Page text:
We all need to pray for the Parish of St. Mary of the Angels in Hollywood. Unfortunately, the legal case of which Mr. Bruce has written most recently is NOT the last hurrah to this parish’s legal difficulties. There is another case in which the trial court finally awarded custody of the property to what I believe to be the legitimate vestry, but it is still before the appellate court and may well be headed to the California Supreme Court after the appellate court rules. I anticipate that the appellate court will uphold the ruling of the trial court because that ruling was on remand of a prior appeal, but one can never be certain what agenda the ladies and gents in black robes might have.

    Norm.

    Liked by 1 person

  3. Greg says:

    Our priest, who came from St Mary of the Angels, formed an Anglican Use community before there was an Ordinariate in the U.S., provided Catholic catechesis, and launched with 17 people in 2012, simultaneously with his ordination in the OCSP.

    That priest has grown the parish to over 150 in five years, and is working on multiple other fronts to foster even more (one already has weekly masses, so he serves both communities).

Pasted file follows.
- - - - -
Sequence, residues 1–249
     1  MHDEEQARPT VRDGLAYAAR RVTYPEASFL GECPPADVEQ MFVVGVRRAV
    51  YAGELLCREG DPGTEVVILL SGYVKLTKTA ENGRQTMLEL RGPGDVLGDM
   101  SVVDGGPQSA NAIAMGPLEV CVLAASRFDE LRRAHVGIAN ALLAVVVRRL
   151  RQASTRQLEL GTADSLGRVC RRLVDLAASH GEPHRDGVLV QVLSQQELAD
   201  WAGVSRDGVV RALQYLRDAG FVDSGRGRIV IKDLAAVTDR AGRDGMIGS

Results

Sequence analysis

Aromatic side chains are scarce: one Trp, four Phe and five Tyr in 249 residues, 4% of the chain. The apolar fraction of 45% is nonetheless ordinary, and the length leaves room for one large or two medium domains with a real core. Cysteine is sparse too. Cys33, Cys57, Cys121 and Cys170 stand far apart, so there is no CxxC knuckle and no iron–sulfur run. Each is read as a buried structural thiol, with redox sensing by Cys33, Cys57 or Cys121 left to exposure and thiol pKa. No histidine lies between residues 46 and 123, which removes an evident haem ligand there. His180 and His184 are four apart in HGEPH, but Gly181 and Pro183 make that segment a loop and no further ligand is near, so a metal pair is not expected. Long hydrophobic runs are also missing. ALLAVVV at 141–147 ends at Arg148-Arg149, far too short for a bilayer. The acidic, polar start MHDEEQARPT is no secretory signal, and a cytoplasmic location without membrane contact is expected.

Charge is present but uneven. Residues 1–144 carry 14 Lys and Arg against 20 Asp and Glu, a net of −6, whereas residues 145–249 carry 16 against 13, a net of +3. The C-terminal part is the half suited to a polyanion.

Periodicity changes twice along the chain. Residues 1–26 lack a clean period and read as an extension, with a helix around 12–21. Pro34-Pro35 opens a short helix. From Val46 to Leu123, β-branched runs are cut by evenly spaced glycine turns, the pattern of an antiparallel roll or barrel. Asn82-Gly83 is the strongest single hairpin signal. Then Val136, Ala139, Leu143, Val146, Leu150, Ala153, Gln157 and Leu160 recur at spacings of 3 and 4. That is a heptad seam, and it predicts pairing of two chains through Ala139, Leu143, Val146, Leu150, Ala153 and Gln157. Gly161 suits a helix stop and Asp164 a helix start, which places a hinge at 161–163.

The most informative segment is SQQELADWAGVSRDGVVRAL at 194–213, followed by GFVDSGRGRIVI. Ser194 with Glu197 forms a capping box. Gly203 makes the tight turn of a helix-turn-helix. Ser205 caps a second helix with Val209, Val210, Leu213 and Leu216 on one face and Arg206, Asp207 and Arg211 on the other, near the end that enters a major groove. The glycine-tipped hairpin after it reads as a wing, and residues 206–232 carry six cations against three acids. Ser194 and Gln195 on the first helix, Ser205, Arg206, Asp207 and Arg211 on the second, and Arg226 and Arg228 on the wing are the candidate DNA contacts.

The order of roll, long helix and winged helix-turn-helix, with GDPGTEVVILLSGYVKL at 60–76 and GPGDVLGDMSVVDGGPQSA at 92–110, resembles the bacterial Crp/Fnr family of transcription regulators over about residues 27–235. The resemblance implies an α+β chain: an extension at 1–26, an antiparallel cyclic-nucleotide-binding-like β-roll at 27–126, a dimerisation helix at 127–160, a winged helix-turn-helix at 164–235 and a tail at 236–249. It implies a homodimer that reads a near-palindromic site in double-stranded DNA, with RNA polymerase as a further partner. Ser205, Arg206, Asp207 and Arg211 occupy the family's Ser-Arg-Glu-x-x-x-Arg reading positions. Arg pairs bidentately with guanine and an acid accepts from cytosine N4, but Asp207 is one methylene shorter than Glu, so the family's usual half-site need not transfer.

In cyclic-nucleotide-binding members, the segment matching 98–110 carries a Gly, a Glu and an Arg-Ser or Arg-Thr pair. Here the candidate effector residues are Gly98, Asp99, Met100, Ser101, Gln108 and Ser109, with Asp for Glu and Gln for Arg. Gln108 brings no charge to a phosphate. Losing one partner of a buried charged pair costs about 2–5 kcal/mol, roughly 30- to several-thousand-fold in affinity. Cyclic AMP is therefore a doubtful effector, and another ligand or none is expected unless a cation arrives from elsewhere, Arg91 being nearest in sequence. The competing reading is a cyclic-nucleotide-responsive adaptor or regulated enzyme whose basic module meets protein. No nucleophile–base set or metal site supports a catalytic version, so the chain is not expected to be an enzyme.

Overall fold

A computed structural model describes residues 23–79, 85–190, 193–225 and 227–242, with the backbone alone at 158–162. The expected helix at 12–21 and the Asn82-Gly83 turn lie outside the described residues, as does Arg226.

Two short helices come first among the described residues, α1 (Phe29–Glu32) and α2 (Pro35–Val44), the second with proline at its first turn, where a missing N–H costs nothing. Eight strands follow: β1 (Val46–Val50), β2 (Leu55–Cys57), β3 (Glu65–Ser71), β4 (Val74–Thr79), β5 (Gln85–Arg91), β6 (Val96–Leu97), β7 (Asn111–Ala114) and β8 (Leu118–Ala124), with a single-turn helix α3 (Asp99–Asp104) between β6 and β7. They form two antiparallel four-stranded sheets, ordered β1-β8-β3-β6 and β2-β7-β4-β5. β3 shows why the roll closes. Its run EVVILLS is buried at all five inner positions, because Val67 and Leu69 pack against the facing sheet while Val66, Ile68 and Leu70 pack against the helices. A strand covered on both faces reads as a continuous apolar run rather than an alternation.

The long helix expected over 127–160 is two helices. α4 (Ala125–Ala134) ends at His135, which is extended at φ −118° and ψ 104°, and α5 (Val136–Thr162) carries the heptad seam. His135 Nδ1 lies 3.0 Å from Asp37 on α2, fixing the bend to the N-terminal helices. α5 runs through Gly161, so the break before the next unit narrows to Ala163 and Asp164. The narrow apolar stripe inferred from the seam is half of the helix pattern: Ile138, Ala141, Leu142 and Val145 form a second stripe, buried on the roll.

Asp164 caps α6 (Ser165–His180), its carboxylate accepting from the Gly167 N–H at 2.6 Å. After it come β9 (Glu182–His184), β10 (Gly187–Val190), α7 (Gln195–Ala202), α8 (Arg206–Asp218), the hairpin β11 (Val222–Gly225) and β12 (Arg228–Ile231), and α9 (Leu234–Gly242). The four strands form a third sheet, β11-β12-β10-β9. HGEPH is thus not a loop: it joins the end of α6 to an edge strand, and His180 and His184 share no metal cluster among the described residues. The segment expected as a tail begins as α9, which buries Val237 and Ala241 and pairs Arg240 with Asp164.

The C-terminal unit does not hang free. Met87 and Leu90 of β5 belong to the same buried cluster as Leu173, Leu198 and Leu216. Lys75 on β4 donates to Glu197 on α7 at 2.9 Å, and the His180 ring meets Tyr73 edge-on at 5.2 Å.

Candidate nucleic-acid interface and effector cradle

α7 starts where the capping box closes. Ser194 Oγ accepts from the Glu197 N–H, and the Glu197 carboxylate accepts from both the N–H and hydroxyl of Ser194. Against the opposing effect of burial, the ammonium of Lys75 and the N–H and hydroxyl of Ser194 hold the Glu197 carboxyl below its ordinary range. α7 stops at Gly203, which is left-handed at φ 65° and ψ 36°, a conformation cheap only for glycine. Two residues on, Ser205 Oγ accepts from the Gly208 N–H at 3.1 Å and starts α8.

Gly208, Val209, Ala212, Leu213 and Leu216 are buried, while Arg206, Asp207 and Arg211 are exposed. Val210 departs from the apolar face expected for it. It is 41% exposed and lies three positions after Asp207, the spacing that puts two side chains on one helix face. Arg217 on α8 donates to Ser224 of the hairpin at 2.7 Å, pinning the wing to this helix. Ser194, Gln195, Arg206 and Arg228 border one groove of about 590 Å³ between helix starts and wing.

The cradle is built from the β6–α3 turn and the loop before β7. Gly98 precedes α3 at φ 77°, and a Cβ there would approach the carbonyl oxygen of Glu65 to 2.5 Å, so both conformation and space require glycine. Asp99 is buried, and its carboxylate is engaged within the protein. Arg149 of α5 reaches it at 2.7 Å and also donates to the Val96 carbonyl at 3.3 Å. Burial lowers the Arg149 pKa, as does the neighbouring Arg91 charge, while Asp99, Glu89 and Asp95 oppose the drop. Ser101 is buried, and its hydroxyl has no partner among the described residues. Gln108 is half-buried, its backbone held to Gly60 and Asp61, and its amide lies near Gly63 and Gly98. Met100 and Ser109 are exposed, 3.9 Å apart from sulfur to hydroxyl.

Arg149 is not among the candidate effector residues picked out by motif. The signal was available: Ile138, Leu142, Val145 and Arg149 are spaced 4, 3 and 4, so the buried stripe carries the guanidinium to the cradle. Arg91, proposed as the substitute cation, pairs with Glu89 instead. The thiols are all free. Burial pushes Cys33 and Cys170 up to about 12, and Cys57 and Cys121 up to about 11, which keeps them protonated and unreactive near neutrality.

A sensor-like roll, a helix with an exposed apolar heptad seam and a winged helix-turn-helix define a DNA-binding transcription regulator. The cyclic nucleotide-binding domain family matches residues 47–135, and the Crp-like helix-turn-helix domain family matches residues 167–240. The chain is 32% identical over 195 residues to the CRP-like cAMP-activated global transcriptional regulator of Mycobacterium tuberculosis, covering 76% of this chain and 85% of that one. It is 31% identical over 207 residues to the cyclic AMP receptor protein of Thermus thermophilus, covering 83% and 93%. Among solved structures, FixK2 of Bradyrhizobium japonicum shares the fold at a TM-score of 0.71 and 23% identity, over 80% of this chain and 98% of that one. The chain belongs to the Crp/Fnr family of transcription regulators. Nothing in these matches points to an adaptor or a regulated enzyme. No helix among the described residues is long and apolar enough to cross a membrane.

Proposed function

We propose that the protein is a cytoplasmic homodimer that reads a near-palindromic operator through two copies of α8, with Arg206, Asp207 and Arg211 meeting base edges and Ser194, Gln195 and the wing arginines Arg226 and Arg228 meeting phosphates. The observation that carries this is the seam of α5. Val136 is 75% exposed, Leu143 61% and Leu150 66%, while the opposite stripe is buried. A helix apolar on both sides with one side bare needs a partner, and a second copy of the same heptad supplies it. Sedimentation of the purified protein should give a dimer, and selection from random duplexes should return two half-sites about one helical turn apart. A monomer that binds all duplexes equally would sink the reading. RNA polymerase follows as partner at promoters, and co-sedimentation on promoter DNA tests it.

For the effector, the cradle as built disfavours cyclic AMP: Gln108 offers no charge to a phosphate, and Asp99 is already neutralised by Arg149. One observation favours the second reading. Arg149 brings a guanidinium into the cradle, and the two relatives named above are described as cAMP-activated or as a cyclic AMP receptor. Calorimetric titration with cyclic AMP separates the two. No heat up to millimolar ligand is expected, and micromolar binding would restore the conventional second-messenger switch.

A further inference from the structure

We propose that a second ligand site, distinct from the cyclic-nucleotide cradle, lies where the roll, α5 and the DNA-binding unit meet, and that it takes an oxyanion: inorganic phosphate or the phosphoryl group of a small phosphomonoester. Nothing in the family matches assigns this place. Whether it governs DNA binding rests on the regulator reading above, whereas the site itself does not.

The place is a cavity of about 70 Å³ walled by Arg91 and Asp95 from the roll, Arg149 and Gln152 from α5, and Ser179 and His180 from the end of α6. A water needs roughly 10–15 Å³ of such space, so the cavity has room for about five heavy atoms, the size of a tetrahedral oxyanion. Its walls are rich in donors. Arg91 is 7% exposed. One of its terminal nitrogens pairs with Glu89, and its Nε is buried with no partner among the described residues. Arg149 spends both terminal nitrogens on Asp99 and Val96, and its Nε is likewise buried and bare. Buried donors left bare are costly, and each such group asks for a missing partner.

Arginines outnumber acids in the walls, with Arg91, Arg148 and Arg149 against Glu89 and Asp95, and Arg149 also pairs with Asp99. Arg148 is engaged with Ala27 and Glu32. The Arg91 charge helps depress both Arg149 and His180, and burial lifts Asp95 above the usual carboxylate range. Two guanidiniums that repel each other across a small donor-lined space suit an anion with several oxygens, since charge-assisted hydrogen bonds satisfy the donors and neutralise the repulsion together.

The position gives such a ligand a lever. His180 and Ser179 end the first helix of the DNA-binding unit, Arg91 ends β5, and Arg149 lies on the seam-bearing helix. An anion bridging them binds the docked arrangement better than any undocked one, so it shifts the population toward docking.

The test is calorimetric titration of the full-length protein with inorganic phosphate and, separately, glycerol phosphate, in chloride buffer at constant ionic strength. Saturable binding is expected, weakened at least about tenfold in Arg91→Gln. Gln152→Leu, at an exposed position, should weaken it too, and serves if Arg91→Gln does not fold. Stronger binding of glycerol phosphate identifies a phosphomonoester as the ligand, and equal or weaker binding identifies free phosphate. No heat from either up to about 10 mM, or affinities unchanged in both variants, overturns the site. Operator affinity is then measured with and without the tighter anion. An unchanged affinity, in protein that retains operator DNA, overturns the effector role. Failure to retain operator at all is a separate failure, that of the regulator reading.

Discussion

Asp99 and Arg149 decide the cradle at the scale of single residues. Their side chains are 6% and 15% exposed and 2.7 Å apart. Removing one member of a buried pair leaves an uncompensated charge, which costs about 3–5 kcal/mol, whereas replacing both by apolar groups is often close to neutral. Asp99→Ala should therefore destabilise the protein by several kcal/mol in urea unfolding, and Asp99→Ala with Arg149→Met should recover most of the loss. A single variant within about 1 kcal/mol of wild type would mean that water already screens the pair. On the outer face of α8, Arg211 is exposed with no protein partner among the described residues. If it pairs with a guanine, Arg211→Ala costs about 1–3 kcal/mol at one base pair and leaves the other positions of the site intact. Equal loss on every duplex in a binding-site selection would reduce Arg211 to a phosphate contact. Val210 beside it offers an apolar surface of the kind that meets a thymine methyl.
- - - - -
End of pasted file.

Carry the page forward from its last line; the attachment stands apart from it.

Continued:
Mr Bruce: We and the Ordinariate are not going away.

    Gregory Martha Herr, Obl.S.B.

    Liked by 1 person

    • Rev22:17 says:

      Tragically, Mr. Bruce has had more than a few disparaging comments about Fr. Andrew Bartus over the years. He seems to think that Fr. Bartus sided with the dissidents who attempted to hijack the property of St. Mary of the Angels, now thwarted through the legal system. I have no idea where the truth resides in that regard, but Fr. Bartus does seem to be having success in forming new ordinariate communities in southern California.

      Mr. Bruce seems to think that there’s an adverse relationship between Fr. Bartus and the legitimate leadership of St. Mary of the Angels. I have no idea whether, or to what extent, that actually might be the case, but we all can pray for whatever healing it might require. If Fr. Kelly, the current pastor of St. Mary of the Angels, really is nearing retirement, the Personal Ordinariate of the Chair of St. Peter may well be in the best position to provide a successor, contrary to Mr. Bruce’s assessment.

      Norm.

      Like